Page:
The Good Old Days?
In the last few years, many things I have read or watched keep reminding me
of how fast time is passing and how quickly technology is advancing. One of the
most recent examples is while studying a photograph of a modern air traffic control
(ATC) radar display. The incredibly large displays (plan position indicators, or
PPIs, in ATC parlance) draw razor sharp lines and text characters and perform an
amazing repertoire of sophisticated target tagging and tracking functions. Seeing
all the many lines outlining terminal control areas, stationary obstacles, terrain
features, VOR stations and runway outlines made me think about how relatively easily
those maps are generated nowadays using packaged software and a desktop PC. Draw
a line and if it doesn't turn out quite right, simply delete it or move it or maybe
make it a little longer or shorter. No problemo.
In my days of
radar, the maps were manually
etched on a circle of glass with a black surface coating, using the equivalent of
Back in my day of working on ATC radars in the U.S. Air Force, when both the
surveillance and precision approach systems were still primarily constructed of
tube circuits, making area maps was not quite so simple. Crude by today's standards,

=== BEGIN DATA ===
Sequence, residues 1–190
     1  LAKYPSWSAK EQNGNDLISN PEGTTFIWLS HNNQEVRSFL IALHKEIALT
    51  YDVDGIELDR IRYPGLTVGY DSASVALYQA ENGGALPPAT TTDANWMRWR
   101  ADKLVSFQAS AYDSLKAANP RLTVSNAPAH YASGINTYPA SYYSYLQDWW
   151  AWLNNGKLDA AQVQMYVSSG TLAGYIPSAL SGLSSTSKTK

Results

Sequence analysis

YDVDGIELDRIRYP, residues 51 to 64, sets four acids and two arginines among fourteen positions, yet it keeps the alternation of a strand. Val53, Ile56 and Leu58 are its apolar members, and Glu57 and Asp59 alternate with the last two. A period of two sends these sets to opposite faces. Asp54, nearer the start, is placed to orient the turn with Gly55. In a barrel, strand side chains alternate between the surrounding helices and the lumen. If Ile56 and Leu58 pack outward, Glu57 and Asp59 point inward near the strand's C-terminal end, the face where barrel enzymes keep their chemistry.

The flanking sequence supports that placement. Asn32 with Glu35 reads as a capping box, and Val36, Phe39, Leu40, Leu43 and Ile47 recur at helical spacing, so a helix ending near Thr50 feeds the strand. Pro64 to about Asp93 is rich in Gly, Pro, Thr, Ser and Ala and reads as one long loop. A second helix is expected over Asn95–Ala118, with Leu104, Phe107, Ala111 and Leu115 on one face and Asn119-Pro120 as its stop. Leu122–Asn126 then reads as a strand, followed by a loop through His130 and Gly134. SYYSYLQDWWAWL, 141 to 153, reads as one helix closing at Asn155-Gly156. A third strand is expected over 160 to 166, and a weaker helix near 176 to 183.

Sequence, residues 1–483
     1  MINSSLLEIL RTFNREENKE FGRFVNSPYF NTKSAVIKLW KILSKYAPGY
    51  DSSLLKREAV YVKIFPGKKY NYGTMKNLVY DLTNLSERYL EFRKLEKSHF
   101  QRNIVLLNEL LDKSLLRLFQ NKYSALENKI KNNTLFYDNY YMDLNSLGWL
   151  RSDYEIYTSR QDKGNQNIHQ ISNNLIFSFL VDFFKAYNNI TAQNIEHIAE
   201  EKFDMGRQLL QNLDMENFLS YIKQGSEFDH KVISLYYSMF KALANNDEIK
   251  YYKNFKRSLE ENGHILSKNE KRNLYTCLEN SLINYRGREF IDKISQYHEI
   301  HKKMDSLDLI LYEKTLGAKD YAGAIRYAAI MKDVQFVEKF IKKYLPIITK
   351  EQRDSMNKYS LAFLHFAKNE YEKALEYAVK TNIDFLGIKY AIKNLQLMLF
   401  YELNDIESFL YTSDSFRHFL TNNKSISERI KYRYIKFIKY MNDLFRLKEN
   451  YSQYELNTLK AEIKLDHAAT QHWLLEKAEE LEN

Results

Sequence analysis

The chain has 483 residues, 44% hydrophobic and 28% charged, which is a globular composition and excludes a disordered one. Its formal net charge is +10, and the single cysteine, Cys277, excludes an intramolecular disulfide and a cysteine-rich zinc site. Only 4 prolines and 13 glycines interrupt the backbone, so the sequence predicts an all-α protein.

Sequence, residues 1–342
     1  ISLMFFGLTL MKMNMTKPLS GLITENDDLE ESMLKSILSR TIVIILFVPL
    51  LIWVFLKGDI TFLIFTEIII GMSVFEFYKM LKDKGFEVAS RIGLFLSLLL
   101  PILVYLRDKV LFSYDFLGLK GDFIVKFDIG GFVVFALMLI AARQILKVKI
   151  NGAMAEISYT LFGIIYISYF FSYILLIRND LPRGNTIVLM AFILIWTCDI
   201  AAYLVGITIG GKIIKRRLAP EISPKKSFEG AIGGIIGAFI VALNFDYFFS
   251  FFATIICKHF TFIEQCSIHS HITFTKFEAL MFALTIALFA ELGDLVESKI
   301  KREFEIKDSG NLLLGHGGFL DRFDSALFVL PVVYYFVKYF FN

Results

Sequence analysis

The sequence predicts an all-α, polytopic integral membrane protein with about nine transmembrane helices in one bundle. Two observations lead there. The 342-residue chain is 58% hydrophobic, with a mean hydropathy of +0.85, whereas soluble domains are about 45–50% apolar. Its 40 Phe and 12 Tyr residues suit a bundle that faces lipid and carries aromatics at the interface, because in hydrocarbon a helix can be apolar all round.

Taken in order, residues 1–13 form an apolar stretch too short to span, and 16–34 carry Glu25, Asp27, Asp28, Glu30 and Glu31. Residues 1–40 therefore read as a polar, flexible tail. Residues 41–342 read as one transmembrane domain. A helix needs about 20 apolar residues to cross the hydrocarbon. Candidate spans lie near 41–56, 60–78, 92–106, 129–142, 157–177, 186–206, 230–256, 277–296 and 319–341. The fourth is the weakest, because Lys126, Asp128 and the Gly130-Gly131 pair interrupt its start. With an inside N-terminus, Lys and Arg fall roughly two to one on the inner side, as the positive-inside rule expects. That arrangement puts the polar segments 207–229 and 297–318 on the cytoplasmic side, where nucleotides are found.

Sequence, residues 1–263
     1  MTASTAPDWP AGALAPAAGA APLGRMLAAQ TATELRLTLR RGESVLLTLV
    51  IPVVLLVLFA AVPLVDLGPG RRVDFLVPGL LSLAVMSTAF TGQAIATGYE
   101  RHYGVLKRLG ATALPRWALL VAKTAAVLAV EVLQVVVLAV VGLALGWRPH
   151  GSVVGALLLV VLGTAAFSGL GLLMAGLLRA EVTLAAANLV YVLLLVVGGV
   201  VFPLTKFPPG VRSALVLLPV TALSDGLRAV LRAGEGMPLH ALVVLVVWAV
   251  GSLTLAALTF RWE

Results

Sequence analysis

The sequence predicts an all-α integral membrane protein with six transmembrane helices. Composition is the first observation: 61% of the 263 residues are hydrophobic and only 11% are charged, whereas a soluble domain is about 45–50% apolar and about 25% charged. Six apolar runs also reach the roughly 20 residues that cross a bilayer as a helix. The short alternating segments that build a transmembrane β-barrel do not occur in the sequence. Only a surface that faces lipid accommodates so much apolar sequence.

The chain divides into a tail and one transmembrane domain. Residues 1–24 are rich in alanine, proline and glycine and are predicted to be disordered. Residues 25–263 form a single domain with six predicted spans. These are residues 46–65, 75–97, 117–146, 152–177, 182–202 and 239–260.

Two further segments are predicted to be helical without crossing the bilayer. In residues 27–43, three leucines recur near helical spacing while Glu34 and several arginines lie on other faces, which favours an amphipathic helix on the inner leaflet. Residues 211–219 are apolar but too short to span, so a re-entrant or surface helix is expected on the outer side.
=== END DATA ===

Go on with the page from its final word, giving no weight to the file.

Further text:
our analog video mapping system, the AN/GPA-131, used one of the earlier applications
of a photomultiplier tube. The air traffic controllers generated maps by etching
lines on a small round glass plate that had a thin layer of flat black paint on
it. If my memory serves me well, the mechanism they used was similar to a
a scribe on the end rather than a pencil or pen. Repairing mistakes usually meant
trashing the work in progress and starting anew. Making a backup meant going through
the painstaking ordeal of manually etching a new plate.
The way the system
worked was that a miniature CRT was located on the side of the plate opposite of
the photomultiplier tube, and a sweep was generated that was synchronized with the
actual radar PPI sweep. The photomultiplier tube recorded the position of the light
detected through the etched lines and the resulting analog signal was summed into
the raw radar video that was presented to the air traffic controllers. The only
electronic adjustments available were rotation and scaling for alignment. It really
was quite impressive in its day.
That, of course, is just one example of
things that make feel old. The older I get, the more I notice. My only regret is
not having had these new technologies available as a starting point back 25+ years
ago. BTW, I was born the same year that the Explorer 1 satellite was launched.